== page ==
Content Discontent

I think I’ve had my fill of TV (streaming or otherwise) and mainstream films.

The first problem is mine, and is one of saturation. I worked in film and TV post-production for 20 years, watching everything from 15-second TV commercials to multi-part TV series, to box office-busting films. And part of working in film and TV is keeping up your fluency so that you can communicate effectively with each other (if a director makes a reference to Picnic at Hanging Rock you better be ready to watch it if you haven’t seen it already). Also, I’ve watched hundreds of films and countless TV shows over the course of my life — the seminal and forgettable, the laughable and the revelatory.

I’ve pretty much seen every storyline at least once. I’ve seen every twist and turn, every “surprise ending.” I’ve seen every plot device, every sort of villain, every sort of (male) anti-hero, every sort of Disneyesque sentimentality and every sort of nihilist purging of the arthouse soul. It’s hard for me to be taken in by a show or movie — either to suspend my disbelief or my anticipation of what the creators are going to do.

The second problem is out of my hands. In this age of streaming services, we are awash with content. Netflix, Amazon Prime, Crave, etc. all require things to put on their virtual shelves so that we can be enticed to part with our money in order to explore their goods. I have no problem with this business model — it’s basically turned into (back to?) cable TV. The problem is one of quality. It seems that, in the effort to fill the shelves¬† seasons are lengthened with filler and show renewals are rubber-stamped that end up being samizdat versions of the preceding season. Multiplexes are filled with the faddish (and profitable) notion that (see: Marvel) everything can be part of a franchise. If I hear another producer say “We originally imagined this as a trilogy/series in four-parts” I’m going to scream.

What bugs the shit out of me is how this affects what’s presented as upper tier programming. A good example is Good Omens, the heralded adaptation of Neil Gaiman & Terry Pratchett’s collaboration. I haven’t read the original book — I have a notion that it’s written in a larger-than-life, Douglas Adams-y style — but the show is painful to watch. It wants to be sly and slick satire and it has strong early moments, but it’s all so buffoonishly overplayed — the actors who aren’t line-reading chew their way through the scenery — to the degree where I had to wonder whether the producers might’ve considered making it for children. The worst is that for a six-part series there’s barely enough story to take up three. I lost count of how many time-sucking flashbacks and side-stories are introduced in order to lead to the telegraphed, overdue finale. Speaking of Gaiman, adaptations, and overdue finales, please see the meandering second season of American Gods (which I abandoned).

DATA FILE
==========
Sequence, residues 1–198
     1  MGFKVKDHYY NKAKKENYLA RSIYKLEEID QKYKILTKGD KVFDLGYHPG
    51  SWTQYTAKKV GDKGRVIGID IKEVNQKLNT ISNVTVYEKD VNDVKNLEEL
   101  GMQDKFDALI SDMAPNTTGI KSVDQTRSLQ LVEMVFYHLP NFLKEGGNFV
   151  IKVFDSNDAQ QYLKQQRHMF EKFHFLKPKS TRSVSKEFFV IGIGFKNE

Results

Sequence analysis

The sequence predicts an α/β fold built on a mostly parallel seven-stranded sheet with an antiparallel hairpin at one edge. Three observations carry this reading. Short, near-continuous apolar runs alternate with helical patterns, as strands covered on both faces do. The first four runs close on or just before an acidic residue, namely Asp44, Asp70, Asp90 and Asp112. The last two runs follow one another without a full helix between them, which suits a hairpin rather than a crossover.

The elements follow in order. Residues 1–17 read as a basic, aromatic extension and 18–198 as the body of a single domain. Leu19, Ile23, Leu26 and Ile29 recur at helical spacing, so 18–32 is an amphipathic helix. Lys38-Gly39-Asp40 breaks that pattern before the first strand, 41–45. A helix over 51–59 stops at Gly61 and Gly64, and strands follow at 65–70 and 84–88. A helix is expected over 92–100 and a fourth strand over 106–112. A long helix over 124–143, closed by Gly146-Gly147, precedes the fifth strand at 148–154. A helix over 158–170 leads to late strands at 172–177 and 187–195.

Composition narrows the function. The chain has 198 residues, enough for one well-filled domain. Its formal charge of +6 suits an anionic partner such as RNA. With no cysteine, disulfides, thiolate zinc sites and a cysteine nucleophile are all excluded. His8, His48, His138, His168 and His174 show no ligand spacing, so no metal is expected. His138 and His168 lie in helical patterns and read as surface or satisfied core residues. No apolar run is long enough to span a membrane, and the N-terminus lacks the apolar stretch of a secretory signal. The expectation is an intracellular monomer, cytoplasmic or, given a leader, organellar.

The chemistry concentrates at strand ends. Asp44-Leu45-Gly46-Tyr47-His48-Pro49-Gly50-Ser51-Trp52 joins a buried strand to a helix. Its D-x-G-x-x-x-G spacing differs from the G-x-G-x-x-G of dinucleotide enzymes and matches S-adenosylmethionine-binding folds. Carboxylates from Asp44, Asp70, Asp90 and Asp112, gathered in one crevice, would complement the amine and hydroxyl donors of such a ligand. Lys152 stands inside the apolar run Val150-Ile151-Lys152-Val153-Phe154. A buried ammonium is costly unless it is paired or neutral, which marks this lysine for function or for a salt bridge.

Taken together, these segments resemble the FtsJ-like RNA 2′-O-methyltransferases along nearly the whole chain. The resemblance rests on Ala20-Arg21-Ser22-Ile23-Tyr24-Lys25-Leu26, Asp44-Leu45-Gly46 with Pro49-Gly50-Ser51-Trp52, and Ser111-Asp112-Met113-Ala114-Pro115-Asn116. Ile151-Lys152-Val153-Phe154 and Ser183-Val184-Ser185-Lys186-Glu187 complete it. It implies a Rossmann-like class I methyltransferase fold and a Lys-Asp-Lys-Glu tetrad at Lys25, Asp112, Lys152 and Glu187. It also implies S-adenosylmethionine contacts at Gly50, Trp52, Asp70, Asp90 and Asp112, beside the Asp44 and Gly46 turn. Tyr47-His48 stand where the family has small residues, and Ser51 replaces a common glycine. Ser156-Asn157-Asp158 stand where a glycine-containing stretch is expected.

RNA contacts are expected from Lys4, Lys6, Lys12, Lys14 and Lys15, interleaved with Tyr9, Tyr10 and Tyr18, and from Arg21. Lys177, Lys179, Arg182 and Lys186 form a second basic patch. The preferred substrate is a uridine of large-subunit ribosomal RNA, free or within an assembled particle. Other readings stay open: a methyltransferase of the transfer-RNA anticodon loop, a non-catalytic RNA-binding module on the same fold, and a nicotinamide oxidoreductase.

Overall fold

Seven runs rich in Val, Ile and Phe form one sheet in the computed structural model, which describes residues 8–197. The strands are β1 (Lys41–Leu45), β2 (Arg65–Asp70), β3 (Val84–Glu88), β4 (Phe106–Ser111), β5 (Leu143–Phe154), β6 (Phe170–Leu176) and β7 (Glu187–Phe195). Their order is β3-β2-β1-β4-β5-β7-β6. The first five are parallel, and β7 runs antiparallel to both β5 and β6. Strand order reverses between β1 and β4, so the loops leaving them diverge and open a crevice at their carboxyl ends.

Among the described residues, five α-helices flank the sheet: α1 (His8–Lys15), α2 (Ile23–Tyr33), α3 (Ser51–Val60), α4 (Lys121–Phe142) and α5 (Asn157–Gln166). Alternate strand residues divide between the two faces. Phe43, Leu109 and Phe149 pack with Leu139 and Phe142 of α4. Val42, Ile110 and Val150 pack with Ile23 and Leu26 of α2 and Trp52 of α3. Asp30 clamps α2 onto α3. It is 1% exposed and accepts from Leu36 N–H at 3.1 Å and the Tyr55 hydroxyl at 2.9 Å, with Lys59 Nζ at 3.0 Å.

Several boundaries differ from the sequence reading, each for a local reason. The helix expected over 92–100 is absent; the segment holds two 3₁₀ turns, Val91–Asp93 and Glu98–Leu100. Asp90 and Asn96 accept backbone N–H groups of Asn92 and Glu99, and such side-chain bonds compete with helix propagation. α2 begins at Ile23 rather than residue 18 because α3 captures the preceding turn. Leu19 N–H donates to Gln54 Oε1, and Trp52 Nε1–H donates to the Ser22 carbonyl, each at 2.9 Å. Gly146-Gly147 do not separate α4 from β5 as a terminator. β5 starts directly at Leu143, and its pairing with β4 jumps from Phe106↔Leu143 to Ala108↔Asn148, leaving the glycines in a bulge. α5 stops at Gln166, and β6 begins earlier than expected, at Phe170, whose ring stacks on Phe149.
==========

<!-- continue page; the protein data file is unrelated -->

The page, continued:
For the record, I don’t have a problem with the Marvel Universe franchise. They’re not hiding anything: it’s a stream of big-ass popcorn epics. They aren’t being released as exemplars of anything other than “hey, here’s a well-executed adaptation of a comic book most people haven’t read.” Sure, given the choice I’d rather watch an imperfect¬† Olivier Assayas film over Ant Man, but at least I can watch the latter and know where to keep my expectations dialled.

While I’m bleating, a trend I wish would die, pardon the pun, are films where it’s obvious the protagonist won’t get a scratch despite killing 100 hired assassins (see the three John Wick films, The Equalizer, and Colombiana). Where’s the suspense if you don’t allow the audience to imagine that, no, the protagonist might not make it. This is an inherent problem with films and TV shows that are made in the hope of infinite reboots: no suspense (see: Orphan Black, a prime example of where the producers missed multiple opportunities to draw more attention by killing off one of the clones).

Why can’t we make something, leave it be to stand on its own merits, and move on without exploiting its success with sequels and prequels and remakes and reboots? As good as the original was (and it is), who in god’s name, save for the cast and crew, asked for a second season of Big Little Lies? What part of that story begged for extended development? Note: Liane Moriarty, the author (whom I share a birthday with) whose novel was adapted into the show never wrote a sequel until the HBO adaptation achieved success (she ended up writing a novella by request, not exactly the way any author would like to work, let alone revisit characters, though I don’t blame her).

Anyhow, I sometimes wonder, in the industry’s effort to satisfy its appetite for content, whether we are sacrificing the magic of our relationship with entertainment for the sake of Say’s Law, the (questionable) belief that supply creates its own demand.